Well, this is simply cheap populism…as usual. The Supreme Court did rule that CANTV had to change the pensions, but it ordered a Court to calculate how much the workers were owed. The Court in turn asked the Venezuelan Central Bank to make the calculation based on the union contracts signed by the union and CANTV since 1992. The Central Bank came up with a number for each of the workers covered by the Supreme Court, but was not clear as to exactly the Court meant, so it sent eight different scenarios to the Court for each worhker.

Meanwhile, the company offered each of the affected workers to pay them what the company thinks it should pay, based on the Supreme Court’s decision. Some workers have accepted the offer, which is not binding. Meanwhile, the Court itself has been sitting on the eight options sent by the Central Bank for over two months, without making a ruling. Typical revolutionary incompetence.

So, whose fault is it? The company for not paying or the Court’s for not deciding? My answer is: Chavez for being so irresponsible!

Words are cheap, and that is all the revolution has going for it, the empty words of a man that promises, offers, but seldom delivers, except in its populist rhethoric.

But this is Chavez’ style, whenever his Government fails to do what it has to do, he blames others. Just don’t blame him!

Revolutionary toothpaste, made by Israeli company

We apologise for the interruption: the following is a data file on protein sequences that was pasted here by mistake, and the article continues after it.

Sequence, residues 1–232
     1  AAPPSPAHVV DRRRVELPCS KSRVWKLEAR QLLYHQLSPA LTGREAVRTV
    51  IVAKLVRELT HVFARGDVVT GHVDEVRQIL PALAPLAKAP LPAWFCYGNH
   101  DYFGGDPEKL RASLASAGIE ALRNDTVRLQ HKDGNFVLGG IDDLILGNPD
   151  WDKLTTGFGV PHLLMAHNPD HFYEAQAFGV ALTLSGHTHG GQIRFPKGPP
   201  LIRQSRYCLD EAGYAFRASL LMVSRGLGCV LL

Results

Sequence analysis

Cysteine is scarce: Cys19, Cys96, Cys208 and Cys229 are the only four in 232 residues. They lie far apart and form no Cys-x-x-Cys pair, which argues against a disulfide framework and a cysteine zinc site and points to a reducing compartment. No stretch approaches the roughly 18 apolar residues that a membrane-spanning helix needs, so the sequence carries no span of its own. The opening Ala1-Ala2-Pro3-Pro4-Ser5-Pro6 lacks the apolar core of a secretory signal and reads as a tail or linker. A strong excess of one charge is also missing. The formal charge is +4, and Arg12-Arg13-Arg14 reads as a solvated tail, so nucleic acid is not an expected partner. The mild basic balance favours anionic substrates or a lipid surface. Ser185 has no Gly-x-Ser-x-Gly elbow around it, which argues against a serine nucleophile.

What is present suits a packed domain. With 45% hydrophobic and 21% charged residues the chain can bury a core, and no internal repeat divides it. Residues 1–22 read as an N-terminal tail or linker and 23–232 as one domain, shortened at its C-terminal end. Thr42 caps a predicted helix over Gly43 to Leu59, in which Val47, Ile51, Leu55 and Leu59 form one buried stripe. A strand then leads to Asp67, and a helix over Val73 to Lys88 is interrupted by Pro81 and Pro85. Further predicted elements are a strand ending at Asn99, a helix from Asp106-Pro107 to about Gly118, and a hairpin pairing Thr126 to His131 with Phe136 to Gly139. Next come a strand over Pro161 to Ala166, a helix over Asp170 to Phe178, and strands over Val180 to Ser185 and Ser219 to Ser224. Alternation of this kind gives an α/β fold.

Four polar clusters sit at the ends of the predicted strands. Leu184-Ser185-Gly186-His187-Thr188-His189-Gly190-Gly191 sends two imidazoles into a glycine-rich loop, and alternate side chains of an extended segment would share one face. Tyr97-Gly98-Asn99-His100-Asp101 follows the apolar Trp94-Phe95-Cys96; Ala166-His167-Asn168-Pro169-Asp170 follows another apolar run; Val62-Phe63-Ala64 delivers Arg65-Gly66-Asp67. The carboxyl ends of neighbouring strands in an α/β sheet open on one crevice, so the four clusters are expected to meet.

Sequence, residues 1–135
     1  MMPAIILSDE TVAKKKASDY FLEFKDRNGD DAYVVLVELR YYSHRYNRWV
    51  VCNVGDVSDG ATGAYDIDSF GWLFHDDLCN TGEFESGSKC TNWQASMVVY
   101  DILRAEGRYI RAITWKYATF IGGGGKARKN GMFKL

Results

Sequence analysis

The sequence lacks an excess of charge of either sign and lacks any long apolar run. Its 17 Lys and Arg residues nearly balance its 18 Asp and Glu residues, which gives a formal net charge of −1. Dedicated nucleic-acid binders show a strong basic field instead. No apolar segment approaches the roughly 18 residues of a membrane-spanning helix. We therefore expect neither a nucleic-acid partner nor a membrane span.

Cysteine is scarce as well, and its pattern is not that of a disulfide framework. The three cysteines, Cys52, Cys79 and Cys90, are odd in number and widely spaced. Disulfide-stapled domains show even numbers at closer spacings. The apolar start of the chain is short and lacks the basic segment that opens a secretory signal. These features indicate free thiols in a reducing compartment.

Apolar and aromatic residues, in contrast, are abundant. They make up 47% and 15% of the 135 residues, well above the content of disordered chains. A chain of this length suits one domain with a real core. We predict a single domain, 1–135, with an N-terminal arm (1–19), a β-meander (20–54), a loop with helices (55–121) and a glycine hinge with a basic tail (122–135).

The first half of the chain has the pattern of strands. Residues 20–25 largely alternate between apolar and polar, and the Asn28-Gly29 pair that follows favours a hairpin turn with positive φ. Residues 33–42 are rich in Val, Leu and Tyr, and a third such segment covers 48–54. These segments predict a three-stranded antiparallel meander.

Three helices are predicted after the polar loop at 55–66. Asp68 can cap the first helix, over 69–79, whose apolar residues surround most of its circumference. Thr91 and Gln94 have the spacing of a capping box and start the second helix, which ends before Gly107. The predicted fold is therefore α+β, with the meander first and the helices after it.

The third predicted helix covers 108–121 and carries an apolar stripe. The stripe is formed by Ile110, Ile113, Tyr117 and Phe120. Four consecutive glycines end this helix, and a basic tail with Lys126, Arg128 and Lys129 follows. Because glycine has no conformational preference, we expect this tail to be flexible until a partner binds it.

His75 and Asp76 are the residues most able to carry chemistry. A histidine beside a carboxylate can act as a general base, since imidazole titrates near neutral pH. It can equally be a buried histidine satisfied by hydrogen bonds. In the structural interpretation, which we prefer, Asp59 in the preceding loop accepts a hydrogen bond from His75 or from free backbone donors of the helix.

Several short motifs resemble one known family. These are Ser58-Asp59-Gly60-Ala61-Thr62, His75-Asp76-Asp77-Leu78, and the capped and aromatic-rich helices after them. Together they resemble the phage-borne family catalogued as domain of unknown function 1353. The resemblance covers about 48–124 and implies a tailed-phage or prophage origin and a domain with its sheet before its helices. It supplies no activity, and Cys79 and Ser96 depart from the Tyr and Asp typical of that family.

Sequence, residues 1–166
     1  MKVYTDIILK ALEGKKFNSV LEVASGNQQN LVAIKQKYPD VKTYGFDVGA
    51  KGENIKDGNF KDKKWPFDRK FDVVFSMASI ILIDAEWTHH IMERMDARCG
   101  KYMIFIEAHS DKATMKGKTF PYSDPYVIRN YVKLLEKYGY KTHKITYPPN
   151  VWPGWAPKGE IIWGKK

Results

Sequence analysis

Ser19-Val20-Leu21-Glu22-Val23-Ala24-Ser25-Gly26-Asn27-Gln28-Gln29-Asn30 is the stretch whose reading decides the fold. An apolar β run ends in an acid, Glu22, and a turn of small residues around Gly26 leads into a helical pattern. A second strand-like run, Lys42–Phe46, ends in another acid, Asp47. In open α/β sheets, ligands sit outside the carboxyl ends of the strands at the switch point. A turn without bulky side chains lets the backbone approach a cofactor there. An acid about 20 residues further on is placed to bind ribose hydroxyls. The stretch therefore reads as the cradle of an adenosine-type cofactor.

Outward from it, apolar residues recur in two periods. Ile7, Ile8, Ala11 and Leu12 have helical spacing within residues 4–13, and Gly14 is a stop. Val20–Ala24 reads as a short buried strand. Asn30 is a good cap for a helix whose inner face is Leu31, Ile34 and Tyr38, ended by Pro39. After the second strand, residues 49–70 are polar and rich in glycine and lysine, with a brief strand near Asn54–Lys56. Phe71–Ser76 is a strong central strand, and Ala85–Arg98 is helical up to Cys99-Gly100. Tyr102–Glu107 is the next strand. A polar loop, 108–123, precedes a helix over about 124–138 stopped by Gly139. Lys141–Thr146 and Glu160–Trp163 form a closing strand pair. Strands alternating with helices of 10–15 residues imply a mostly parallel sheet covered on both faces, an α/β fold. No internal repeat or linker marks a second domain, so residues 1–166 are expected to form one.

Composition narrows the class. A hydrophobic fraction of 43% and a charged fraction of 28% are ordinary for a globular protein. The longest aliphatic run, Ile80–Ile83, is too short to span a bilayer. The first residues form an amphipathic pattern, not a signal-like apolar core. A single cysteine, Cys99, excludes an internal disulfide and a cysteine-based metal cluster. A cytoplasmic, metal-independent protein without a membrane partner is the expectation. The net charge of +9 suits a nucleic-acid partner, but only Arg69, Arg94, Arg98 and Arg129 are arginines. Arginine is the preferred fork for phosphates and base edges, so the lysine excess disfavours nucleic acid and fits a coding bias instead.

August 15, 2006

A couple of days ago I had said that the MVR Deputy to the National Assembly Belkis Solis was simply lying when she said that the name of the toothpaste distributed in the Mercal chain of markets had the name “Ten million smiles” only coincidentally, as well as lying when she said it was made by a coop and equally telling a made up story when she said the name was the result of a study that said that ten million people don’t brush their teeth in Venezuela. I found this also insulting given the levels of personal care that Venezuelans at all levels have always exhibited.

Well, I had information at the time that said this was all lies and that this toothpaste was not made by a coop but by a private company. Well, today I had confirmation about this, as well as the news appearing in Tal Cual (page 6). Indeed the tootpaste is made by Tropical Degil Industries, an Israeli company, which markets it under the name “Tropical” in Venezuela and has been sued all over the place for making their tubes look like Colgate. Maybe she thought it was made at a kibbutz?

Ironic that such a revolutionary product, distributed via the revolutionary chain of markets, happens to be made by a company from the country that Chavez in his “revolutionary” fervor recently decided to break realtionships with, no? It just goes to prove how money flows in the best capitalistic style in the “pretty” revolution.

Jesse discovers corruption

August 15, 2006

So the Minister of Interior and Justice says outraged that Carlos Ortega and his mates paid the guards to allow them to escape. Yes Jesse, it is called graft, corruption and it is all over the place. You can just about buy anyone in the robolution and the prices are not even high! Didn’t you know that? Look around you. The cars, the houses, the apartments, the trips. It is all part of it. Corruption like never before. Millions of dollars, not even millions of bolivars.

Some think that this is the best guarantee that the revolution will not survive, the robolutionaries will defend their newly acquired property with their lives. They may be right, but what a sad end for the robolution.